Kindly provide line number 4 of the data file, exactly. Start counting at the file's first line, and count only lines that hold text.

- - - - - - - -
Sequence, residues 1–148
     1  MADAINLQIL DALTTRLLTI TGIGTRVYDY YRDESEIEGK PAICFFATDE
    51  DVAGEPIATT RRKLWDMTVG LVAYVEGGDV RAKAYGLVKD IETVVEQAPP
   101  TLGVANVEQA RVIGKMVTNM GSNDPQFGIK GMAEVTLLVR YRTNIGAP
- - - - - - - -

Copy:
   101  TLGVANVEQA RVIGKMVTNM GSNDPQFGIK GMAEVTLLVR YRTNIGAP